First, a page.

Verify that sin(90°) = 1 by finding sin(x + y) if x = 30° and y = 60°.
Using the formula for sin(x + y), we have that sin(90°) = sin(30°)cos(60°) + cos(30°)sin(60°). Recall that .
Plugging those values in, we have , as expected.
We can use the addition and subtraction formulas to find exact values for trig functions of many angles. In particular an exact (real) expression for any angle that is a multiple of 3° can be found. The reason the others cannot be written in such a way is due to difficulties solving cubic equations. However, this goes beyond the scope of this book.
Let us move on to an example that is relevant, though. We shall return to this example again in the next section when we examine half angles.
Find an exact expression for cos(15°) and sin(15°).
Notice that we need to find someway to express 15°. After thinking for a moment, we see that we can use 45° 30° = 15°. That means that we should use the subtraction formulas.
So far, we have limited our attention to the addition and subtraction formulas for sine and cosine. But there are also formulas for tangent. They can be developed from the technique at the beginning of the section, but it might be easier to remember if they are derived from the definition of tangent.
Recall that tan(θ) = sin(θ) / cos(θ). That means that tan(x + y) = sin(x + y) / cos(x + y). We can simplify the expression into a more compact formula by dividing all terms by cos(x)cos(y) and then simplifying. Something similar is done for tan(x y).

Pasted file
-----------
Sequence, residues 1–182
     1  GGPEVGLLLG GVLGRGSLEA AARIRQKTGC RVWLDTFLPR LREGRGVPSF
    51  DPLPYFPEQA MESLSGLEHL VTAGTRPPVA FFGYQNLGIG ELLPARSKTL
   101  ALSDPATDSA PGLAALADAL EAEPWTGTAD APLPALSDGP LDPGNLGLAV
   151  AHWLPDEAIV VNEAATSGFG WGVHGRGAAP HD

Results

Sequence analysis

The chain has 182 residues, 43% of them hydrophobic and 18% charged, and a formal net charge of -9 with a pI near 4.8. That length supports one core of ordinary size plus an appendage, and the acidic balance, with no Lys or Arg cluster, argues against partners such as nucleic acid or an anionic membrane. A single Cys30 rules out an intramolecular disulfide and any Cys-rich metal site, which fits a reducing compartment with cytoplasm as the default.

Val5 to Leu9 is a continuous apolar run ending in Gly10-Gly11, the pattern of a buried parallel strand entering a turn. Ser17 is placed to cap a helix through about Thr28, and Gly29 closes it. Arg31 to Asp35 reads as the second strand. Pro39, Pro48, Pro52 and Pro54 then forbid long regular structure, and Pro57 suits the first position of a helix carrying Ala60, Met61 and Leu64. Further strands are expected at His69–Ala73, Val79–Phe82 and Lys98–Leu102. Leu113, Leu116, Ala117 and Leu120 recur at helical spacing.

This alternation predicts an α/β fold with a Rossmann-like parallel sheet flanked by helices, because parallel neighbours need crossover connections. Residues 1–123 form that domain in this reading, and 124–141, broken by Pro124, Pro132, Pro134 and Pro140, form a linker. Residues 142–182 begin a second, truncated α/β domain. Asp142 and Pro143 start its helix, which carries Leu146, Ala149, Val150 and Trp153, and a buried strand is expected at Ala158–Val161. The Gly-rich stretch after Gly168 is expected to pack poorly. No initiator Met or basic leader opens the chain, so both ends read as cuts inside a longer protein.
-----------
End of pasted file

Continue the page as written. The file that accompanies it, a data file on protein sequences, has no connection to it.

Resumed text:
Addition and Subtraction Formulas
When using the addition and subtraction formulas, it is wise to pay attention to what quadrant our angle should be in. Recall that when we first introduced sine, cosine and tangent, we used a table to show in which quadrants they are positive and negative. The table is included here again.
The table can be useful in checking that you have a plausible answer. If, for example, two angles add to an angle which is in the fourth quadrant, we expect sine to be negative.
But if our calculations reveal that it is positive, we should go back through and check our work for mistakes. Or, perhaps, we copied the formula down incorrectly.
Let us move on to a slightly more complicated example. This time we shall find expressions for sine, cosine and tangent.
Determine the exact value of (a) sin(105°), (b) cos(105°), and (c) tan(105°).
First off, recognize that 105° = 60° + 45°. We shall use this fact in all three parts. Also, we will need the values for sine, cosine and tangent at 45° and 60°. Those are included below.
A useful consequence of the angle addition and subtraction formulas is a proof for the relationship between sine and cosine. Recall when we discussed the graphs of sine and cosine, we pointed out that the graph of cosine was just a phase shift of of π/2 (or 90°) from the graph of sine, and vice versa. At that time, we wrote down formulas relating the two functions. Now, using the addition and subtraction formulas, we can justify those formulas algebraically.
We had observed that cos(x) = sin(x + 90°) and sin(x) = cos(x 90°). But then using the fact that sine is an odd function and cosine is an even function, we rewrote the above as cos(x) = sin(90° x) and sin(x) = cos(90° x).
Using the subtraction formulas for sine and cosine, verify that cos(x) = sin(90° x) and sin(x) = cos(90° x).
We use the subtraction formulas, replacing x with 90° and y with x.
sin(90° x) = sin(90°)cos(x) − cos(90°)sin(x) = 1cos(x) 0sin(x) = cos(x).
cos(90° x) = cos(90°)cos(x) + sin(90°)sin(x) = 0cos(x) + 1sin(x) = sin(x).